But the challenge is when something is, in fact, an investigation of that sort, and I really believe that the managers should then be escalating it to people who are more trained in their areas, whether it’s an HR person or a local compliance officer or a member of the legal team that’s regional to help start giving the guidance. And once you have the people that are trained to do that, or trained to escalate when they need to, you can get more of that data to make it more consistent. But I do think on some level, just because the method is so different of intake, it is somewhat complicated to make them both a consistent analytic thing.

Matt: All right. Just for everybody listening, I wanted to say that I probably… I have a few more questions that I’m happy to keep on posing. But if you do have any questions you want me to pose to Lisa and Jen, please pop them into the Q&A feature and we’ll get those up on screen and I’ll pose them. We’re gonna try and set aside about the last 10 minutes or so of the hour for questions. So, if you have any speak up, and let me know. I did wanna just pick up on what you were both saying about analytics. What are the hotline metrics that you would try to track regardless of how easy it might be or difficult that might be to find them all? Like, what are the actual metrics that you think are most informative? Lisa, I’ll start with you and then Jen.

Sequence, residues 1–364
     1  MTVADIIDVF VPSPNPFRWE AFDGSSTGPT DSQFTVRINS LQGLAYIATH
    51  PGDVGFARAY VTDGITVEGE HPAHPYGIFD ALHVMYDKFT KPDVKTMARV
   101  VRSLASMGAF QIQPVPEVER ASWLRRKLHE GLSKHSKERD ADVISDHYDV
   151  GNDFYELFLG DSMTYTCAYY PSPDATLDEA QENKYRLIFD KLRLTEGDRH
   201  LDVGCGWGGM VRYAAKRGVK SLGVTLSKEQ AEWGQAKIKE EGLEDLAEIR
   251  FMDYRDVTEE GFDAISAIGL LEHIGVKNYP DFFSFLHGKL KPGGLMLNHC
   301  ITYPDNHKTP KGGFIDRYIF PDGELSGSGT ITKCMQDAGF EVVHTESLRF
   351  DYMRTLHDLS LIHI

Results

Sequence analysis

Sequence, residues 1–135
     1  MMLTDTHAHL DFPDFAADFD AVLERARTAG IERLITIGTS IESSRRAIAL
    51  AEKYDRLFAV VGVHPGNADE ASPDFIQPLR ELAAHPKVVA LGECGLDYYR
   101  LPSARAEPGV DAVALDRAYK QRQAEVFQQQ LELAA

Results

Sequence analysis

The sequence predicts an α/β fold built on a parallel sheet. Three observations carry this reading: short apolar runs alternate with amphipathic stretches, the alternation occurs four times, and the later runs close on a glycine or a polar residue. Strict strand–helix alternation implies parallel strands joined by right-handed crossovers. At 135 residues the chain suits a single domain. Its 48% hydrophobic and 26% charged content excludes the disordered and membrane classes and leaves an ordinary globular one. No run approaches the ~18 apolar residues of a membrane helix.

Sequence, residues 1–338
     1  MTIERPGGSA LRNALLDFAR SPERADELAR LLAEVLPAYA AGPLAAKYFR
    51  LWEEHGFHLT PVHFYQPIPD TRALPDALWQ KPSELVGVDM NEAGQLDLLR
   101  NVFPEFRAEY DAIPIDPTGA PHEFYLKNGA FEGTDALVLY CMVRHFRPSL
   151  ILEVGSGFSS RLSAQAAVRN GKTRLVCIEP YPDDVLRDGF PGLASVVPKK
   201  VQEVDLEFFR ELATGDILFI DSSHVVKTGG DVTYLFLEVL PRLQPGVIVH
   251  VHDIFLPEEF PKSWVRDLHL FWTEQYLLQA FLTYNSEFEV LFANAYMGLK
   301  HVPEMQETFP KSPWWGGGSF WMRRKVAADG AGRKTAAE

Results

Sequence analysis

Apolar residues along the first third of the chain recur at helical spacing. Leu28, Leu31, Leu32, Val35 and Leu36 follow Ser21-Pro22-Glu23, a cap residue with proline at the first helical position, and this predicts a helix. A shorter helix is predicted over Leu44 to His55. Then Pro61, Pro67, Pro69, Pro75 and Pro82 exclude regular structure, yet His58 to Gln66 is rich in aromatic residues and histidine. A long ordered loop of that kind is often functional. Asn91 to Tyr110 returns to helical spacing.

Lisa: I mean, I think the type of issues that are being raised, geographically where they’re being raised, what part of the organization, whether it’s for example, you know, if it’s a basic sales-type issue or it’s in, you know, an enabling function, you know, have there been, you know, serious increases or decreases in particular areas? Also, looking at things that have been in the news because that, you know, like, you know, over the last few years from HR’s standpoint, Black Lives Matter, Me Too, others, have the things there, you know, resonated in some ways that you’re able to learn about some concerns that people may not have felt empowered to speak about in the past? So, I mean, I think geography type of allegation, you know, who’s making them and the numbers are some of the things that are the most important to me when you’re looking at it from a truly numbers-based standpoint.

Matt: Sure. And Jen, what are your favorite hotline metrics to look at?